Browsing Posts tagged Masahiro Tanaka

Some sports books have released MLB win totals. Over the next few days, we’ll analyze the win totals by division and comments where we see some value. Today, we’ll focus on the American League East:

After adding Pablo Sandoval and Hanley Ramirez, the odds-makers believe that the Boston Red Sox are American League East favorites. Boston, however, does not have a bonafide Ace atop its rotation. Boston was unable to re-sign starting pitcher (and fan favorite), Jon Lester. Boston has been discussing a trade for Cole Hamels, but it doesn’t look like it will happen before the season. The American League East features some great hitters, so Boston will need the starting pitchers to compete.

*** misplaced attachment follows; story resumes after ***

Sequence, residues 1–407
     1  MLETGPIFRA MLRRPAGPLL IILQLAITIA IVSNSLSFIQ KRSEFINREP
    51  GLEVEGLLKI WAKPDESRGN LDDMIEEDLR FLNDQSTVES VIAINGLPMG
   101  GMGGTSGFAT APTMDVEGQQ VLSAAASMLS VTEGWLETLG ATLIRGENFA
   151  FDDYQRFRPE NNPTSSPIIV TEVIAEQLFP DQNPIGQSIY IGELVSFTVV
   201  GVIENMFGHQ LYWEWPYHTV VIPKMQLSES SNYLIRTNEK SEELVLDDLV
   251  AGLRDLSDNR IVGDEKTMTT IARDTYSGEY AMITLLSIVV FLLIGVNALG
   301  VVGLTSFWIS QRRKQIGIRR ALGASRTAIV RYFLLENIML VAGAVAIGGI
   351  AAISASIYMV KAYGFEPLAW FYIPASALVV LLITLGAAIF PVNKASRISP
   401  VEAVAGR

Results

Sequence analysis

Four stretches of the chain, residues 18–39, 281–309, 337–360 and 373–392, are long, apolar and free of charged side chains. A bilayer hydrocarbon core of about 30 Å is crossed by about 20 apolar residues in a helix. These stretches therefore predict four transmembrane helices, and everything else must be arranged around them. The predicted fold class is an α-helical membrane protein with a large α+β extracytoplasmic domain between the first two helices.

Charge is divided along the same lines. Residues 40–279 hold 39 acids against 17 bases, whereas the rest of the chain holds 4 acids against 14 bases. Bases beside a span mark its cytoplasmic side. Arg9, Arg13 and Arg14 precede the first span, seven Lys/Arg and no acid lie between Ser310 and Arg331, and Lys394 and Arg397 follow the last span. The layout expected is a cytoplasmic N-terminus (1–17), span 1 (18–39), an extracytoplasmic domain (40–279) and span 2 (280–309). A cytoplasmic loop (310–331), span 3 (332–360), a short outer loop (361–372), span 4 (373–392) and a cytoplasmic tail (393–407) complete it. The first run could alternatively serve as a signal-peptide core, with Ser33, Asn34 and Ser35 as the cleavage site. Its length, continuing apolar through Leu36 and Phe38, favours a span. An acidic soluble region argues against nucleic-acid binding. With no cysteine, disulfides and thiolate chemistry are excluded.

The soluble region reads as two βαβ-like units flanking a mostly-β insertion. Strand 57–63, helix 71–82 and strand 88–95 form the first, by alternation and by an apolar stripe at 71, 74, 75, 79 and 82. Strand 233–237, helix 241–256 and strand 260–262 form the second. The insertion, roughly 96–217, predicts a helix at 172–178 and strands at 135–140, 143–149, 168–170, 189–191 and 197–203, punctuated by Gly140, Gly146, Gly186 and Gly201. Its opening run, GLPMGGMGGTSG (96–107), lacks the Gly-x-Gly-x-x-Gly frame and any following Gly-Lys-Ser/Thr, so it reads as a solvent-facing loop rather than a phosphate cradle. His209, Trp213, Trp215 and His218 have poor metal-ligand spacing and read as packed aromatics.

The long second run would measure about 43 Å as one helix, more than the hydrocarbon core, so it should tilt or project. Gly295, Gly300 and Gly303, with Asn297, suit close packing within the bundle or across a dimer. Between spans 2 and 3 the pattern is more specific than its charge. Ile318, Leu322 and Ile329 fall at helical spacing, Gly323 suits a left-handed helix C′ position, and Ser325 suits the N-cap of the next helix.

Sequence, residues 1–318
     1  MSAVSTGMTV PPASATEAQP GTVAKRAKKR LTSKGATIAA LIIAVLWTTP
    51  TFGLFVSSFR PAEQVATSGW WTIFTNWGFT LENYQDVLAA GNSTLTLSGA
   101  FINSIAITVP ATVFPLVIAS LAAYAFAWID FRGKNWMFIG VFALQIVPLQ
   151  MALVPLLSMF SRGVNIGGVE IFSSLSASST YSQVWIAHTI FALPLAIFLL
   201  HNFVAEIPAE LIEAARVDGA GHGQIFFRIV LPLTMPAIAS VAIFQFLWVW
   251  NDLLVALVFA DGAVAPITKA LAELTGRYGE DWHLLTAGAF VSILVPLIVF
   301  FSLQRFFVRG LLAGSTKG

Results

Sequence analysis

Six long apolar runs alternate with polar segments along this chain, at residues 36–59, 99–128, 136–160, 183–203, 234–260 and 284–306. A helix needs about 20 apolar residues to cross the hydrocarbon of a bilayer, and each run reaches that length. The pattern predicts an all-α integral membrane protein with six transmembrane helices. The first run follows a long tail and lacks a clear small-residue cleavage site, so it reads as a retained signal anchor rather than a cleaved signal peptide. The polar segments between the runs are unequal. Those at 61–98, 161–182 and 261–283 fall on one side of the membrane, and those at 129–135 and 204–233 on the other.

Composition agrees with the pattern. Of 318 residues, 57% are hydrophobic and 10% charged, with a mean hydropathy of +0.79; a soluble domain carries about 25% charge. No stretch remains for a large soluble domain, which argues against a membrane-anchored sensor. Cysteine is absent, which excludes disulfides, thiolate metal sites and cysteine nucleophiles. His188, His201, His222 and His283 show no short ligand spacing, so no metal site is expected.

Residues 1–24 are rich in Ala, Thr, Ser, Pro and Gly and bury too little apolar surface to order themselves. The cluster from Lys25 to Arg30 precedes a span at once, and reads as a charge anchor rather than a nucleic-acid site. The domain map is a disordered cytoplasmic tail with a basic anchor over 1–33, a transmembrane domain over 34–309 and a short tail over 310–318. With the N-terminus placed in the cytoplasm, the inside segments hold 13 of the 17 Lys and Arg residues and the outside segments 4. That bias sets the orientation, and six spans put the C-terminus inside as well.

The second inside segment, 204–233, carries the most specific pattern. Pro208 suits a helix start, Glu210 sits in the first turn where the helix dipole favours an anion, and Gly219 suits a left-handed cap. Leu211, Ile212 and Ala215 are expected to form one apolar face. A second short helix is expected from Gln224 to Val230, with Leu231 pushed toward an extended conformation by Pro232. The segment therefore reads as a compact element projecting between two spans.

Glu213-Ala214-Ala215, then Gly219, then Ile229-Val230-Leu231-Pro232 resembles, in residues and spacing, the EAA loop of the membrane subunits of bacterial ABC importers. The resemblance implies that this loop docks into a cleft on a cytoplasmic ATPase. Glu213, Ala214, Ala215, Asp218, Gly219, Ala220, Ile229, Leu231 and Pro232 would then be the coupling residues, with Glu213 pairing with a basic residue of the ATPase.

Toronto also added some more offensive firepower by signing Russell Martin and trading for Josh Donaldson. Toronto’s offense features a lot of right-handed power hitters, but alike Boston, does not have depth in its starting rotation. R.A. Dickey will be asked to lead this rotation, but Toronto has the uncanny ability to under-perform annually.

The Baltimore Orioles won the AL East last season, but the odds-makers aren’t expecting a second straight title. Nelson Cruz, who hit 41 home runs last season, signed with the Seattle Mariners. Baltimore is hoping Chris Davis can bounce back, but he’s an unknown entering the 2015 season. Baltimore also lacks rotation depth.

The New York Yankees are projected to finish fourth. The Yankees have gotten younger and are expecting bounce back campaigns from Masahiro Tanaka, CC Sabathia, and Ivan Nova. Chase Headley re-signed and the Yankees traded for shortstop, Didi Gregorious. Fans are also expecting respectable seasons from A-Rod and Mark Teixeira